Jewish Week: On Refugees, Jews Caught Between Care And Fear

The Jewish Week ran a story on Wednesday entitled, On Refugees, Jews Caught Between Care And Fear. The story notes the Jewish Community's long-running engagement with Syrian refugees, and highlights some of the different reactions to President Obama’s decision last week to authorize the resettlement of at least 10,000 Syrian refugees in the U.S. over the next year. They write:

“The United States admits a million legal immigrants a year,” said [HIAS Vice President for Policy and Advocacy Melanie] Nezer. “Most are students, or come on tourist visas. Anyone who wishes us harm would not do it through the resettlement process.”

HIAS, formerly known as the Hebrew Immigrant Aid Society, is also using this moment of heightened awareness to mount a domestic advocacy effort, seeking to convince Obama to take in 100,000 Syrian refugees.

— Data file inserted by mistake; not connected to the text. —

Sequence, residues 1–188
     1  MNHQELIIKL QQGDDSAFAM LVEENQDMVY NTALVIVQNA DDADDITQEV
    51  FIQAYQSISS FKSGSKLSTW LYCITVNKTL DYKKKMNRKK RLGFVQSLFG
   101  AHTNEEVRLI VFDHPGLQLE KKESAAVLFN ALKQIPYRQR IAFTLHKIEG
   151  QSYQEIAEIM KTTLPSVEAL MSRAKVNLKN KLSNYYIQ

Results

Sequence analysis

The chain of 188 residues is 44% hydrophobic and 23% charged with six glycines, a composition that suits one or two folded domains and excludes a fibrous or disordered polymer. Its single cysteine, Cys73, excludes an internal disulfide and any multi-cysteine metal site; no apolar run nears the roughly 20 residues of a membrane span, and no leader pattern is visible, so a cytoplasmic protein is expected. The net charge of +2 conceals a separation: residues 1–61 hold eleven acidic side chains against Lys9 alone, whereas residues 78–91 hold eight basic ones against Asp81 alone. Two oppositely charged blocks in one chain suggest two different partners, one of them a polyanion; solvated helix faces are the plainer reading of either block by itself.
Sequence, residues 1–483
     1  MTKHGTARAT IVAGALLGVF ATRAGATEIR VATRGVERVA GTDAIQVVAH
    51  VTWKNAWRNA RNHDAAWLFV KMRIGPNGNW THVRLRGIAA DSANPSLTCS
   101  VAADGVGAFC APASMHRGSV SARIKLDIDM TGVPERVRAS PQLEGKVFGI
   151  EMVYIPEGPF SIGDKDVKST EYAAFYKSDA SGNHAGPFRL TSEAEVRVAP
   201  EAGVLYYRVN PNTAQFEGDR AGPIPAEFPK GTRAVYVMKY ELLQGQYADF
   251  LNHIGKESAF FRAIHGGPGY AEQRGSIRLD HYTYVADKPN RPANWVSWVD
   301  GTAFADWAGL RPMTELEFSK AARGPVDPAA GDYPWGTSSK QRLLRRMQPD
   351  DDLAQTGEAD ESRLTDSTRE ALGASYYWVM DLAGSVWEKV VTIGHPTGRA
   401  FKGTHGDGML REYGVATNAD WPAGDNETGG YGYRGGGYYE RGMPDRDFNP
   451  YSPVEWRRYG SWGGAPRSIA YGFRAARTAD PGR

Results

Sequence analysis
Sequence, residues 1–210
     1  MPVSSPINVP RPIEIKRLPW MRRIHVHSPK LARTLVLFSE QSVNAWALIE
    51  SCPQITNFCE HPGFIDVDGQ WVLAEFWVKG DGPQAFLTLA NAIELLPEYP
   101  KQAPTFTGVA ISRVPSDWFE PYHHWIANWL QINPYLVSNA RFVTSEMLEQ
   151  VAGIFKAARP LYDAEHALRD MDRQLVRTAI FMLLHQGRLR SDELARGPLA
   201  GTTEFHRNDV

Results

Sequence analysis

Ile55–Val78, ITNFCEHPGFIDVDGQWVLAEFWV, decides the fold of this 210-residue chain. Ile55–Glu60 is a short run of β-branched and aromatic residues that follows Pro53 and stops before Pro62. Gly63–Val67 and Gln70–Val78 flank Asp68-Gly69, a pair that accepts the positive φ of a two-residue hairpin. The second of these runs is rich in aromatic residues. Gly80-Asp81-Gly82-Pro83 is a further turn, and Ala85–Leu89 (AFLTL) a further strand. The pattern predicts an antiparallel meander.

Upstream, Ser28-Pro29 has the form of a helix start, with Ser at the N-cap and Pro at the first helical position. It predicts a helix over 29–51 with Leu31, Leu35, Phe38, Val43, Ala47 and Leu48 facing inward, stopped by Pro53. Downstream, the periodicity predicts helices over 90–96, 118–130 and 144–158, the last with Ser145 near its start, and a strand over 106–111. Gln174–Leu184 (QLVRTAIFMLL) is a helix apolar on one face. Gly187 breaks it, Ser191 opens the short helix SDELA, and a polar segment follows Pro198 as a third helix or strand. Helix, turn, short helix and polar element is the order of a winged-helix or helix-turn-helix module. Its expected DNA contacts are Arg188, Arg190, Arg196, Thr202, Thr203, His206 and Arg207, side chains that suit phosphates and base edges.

“We see this as an opportunity both to galvanize a response to the Syrian refugee crisis but also to create a context,” said Rabbi Jennie Rosenn, a vice-president at HIAS, which was founded in 1881 to help Jews immigrating from Russia and Eastern Europe. “This didn’t just happen. This has been happening for years, and it’s happening across the globe, but it’s too much for the human spirit to take in sometimes.”

The story also highlights the terrific outpouring of support that HIAS has witnessed in recent weeks, noting: 

“We should understand the wanderer, and know what it means to be fleeing from oppression and seeking liberty,” Rabbi Zeplowitz said. 

He said his congregation has responded to the Syrian exodus by earmarking its quarterly tzedakah, or charity, for HIAS. And he said congregants are also trying to figure out how to help an individual Syrian refugee or family directly.

Like the Community Synagogue, other congregations have called HIAS asking how they can sponsor a refugee family; 3,500 have signed HIAS’ petition calling for the United States to do more about the Syrian refugee crisis and civil war, and rabbis have called wanting to address the subject from the bima.

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